[This guest opinion article is from Melanie Dallas, the CEO of Highland Rivers Behavioral Health]
By Melanie Dallas, LPC
As the Georgia General Assembly’s 2022 legislative session wraps up, we are heartened that mental health figured so prominently in the discussion, and was the subject of legislation introduced in both chambers. While we recognize that enhancing Georgia’s mental health system will be a multi-year effort, lawmakers made a strong start.
In addition to mental health parity legislation introduced in the House, a Senate bill addressed co-response – the pairing of law enforcement officers with mental health clinicians to respond to individuals in mental health crisis in the community. Such a co-response program has operated in Cobb County since 2019.
Called Cobb PATH (Partnership for Assistance, Treatment and Health), the program pairs a licensed mental health clinician with a uniformed Cobb County Police Department officer. The team is dispatched through the county’s 911 center to emergency calls involving mental health issues.
This co-response model respects the true sense of partnership and authority between co-responders. In many instances, the team is able mitigate the crisis onsite, and the individual needing assistance may remain at home. However, depending on the circumstances, the clinician may order involuntary committal (1013), or the officer may affect an arrest, though this is increasingly rare.
There are several best practices that have made the PATH program a success. First, the local police department partners with the local mental health authority – in Georgia the local Community Service Board (Cobb County Community Services Board when PATH began operating, and now Highland River Behavioral Health).
In addition, we are currently working also to place a licensed mental health clinician in the 911 center. Having a clinician in the 911 center allows a trained professional to gain additional, specific information about the nature of the call and provide that information to the co-response team prior to arriving on scene.
Finally – and this is perhaps one of the most important practices, and already in place – when not dispatched on a 911 crisis call, the PATH co-response team spends their time in the community making follow up visits to persons they have seen previously, helping to break the ‘cycle of crisis.’ This follow-up activity is another vital component of our program that distinguishes it from other co-response programs we have reviewed nationally.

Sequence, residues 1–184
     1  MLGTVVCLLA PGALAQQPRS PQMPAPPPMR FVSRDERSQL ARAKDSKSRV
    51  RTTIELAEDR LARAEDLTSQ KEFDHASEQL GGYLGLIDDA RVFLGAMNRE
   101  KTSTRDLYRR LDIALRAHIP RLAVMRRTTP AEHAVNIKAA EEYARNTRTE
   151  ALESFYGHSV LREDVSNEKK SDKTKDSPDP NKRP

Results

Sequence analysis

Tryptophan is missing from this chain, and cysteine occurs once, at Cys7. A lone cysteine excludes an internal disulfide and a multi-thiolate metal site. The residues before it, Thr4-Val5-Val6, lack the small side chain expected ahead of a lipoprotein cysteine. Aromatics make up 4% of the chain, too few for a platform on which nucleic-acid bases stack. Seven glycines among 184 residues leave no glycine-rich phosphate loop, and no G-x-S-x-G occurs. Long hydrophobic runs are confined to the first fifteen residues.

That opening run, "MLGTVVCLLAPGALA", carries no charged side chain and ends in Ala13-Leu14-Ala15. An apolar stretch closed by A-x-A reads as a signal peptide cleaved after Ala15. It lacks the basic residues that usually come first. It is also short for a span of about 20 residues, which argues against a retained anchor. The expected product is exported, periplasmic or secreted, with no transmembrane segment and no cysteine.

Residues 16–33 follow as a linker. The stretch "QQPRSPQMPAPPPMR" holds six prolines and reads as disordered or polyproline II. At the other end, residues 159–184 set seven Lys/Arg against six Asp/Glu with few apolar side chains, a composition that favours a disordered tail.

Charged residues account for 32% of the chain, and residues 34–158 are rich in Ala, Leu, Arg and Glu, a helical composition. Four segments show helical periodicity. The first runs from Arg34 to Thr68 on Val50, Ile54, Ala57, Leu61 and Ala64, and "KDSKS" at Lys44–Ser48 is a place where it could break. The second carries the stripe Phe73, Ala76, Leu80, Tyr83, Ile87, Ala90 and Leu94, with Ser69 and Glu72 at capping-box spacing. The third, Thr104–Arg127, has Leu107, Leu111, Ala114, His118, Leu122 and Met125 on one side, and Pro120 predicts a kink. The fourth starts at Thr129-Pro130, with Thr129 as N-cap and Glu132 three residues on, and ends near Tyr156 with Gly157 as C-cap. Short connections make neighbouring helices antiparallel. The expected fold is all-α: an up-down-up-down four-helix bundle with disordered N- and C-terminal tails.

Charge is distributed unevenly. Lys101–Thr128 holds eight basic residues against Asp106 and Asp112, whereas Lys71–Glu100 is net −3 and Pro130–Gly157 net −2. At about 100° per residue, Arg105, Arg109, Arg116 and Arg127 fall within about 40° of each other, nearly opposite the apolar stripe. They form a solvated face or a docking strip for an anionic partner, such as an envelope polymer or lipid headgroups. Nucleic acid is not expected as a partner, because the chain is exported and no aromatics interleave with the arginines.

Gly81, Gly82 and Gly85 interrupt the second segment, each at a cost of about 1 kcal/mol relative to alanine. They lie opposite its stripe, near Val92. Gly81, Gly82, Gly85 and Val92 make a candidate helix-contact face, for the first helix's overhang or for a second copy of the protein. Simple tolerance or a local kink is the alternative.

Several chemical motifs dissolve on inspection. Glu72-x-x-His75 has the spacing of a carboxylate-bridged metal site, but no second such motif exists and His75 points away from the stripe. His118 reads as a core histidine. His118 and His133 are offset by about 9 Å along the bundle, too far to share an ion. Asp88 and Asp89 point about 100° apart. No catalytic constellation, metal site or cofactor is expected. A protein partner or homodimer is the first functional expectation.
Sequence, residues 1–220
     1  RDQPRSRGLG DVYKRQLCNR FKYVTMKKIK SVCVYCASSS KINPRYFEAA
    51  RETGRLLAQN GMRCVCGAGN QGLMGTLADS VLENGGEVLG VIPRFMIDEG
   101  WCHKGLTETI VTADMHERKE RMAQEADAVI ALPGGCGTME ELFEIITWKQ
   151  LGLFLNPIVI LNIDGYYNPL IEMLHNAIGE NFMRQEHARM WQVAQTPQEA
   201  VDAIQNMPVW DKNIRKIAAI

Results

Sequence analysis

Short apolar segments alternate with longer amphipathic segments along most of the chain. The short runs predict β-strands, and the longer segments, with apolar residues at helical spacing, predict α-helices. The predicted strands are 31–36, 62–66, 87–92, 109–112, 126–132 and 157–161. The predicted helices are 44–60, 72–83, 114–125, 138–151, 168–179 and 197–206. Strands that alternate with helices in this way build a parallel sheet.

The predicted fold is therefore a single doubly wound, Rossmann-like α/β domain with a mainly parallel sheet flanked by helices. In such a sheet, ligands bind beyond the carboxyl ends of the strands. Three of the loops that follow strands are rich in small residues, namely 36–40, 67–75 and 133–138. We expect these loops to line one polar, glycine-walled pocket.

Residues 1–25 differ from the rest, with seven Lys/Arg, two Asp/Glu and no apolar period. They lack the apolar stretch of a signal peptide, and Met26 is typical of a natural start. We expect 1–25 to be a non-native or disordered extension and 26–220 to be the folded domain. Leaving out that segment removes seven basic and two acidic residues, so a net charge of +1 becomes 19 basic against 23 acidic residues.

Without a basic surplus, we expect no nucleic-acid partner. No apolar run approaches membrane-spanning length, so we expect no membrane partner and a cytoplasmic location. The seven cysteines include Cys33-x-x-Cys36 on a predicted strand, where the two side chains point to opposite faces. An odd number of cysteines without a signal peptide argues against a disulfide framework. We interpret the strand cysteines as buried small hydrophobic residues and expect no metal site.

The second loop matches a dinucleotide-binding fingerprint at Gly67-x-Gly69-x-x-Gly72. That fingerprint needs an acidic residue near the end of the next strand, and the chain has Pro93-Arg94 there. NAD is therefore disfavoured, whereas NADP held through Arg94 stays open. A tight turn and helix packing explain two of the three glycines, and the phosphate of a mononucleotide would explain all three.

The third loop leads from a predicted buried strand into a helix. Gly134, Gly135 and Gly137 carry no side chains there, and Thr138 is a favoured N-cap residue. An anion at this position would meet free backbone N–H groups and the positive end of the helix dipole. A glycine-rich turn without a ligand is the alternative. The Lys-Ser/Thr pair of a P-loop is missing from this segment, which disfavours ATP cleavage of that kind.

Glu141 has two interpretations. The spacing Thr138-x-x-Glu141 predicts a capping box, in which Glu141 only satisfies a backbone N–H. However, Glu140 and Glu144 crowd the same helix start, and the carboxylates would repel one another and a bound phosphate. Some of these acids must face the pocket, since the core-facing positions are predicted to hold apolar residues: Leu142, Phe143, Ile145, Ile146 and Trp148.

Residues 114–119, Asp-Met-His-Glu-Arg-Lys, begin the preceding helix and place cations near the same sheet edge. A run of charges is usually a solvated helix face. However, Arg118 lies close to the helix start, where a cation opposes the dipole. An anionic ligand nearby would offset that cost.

Program data show the meaningful and positive impact of our co-response model. Since 2019, the PATH team has responded to more than 1,000 crisis calls, including 669 in 2021 alone. Likewise, hundreds of individuals have received follow-up visits from the PATH team, under non-crisis circumstances, including 525 in 2021.
Another notable outcome of co-response has been the reduction of the need for use-of-force by law enforcement officers – which benefits everyone involved. In more than 80% of 72 calls handled by the PATH team in January 2022, the only use of force was the presence of a law enforcement officer. In fact, through the teamwork of the law enforcement officer and the clinician, 45% of these calls were resolved in the community, with no need to transport the individual to a crisis center or emergency department (though some individuals went, many voluntarily); only 3% resulted in an arrest.
Co-response is a great program, but to be most effective, we must take a systemic view of how we engage those who are most at-risk and in-need. A comprehensive co-response program such as PATH actually enhances the success of such interventions by including a 911 mental health clinician, providing rapid access to community-based services, including crisis stabilization, and supporting post-co-response follow up in the community.
As Georgia lawmakers take vital steps to strengthen the mental health system in Georgia, we expect that expanding the use of co-response in Georgia communities will be an important component. We thank our legislators for making mental health a priority this year, and look forward to working together to continue this critical work.
Melanie Dallas is a licensed professional counselor and CEO of Highland Rivers Behavioral Health, which provides treatment and recovery services for individuals with mental illness, substance use disorders, and intellectual and developmental disabilities in a 13-county region of northwest Georgia that includes Bartow, Cherokee, Cobb, Floyd, Fannin, Gilmer, Gordon, Haralson, Murray, Paulding, Pickens, Polk and Whitfield counties.